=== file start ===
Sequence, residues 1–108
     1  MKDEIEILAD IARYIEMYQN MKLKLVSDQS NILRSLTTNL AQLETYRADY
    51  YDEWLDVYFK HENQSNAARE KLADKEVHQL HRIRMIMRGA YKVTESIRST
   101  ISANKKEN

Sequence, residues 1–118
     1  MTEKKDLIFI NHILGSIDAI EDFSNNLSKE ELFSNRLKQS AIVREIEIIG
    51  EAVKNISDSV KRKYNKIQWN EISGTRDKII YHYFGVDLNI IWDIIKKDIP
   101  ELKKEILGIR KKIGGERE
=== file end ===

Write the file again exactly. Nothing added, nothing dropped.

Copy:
Sequence, residues 1–108
     1  MKDEIEILAD IARYIEMYQN MKLKLVSDQS NILRSLTTNL AQLETYRADY
    51  YDEWLDVYFK HENQSNAARE KLADKEVHQL HRIRMIMRGA YKVTESIRST
   101  ISANKKEN

Sequence, residues 1–118
     1  MTEKKDLIFI NHILGSIDAI EDFSNNLSKE ELFSNRLKQS AIVREIEIIG
    51  EAVKNISDSV KRKYNKIQWN EISGTRDKII YHYFGVDLNI IWDIIKKDIP
   101  ELKKEILGIR KKIGGERE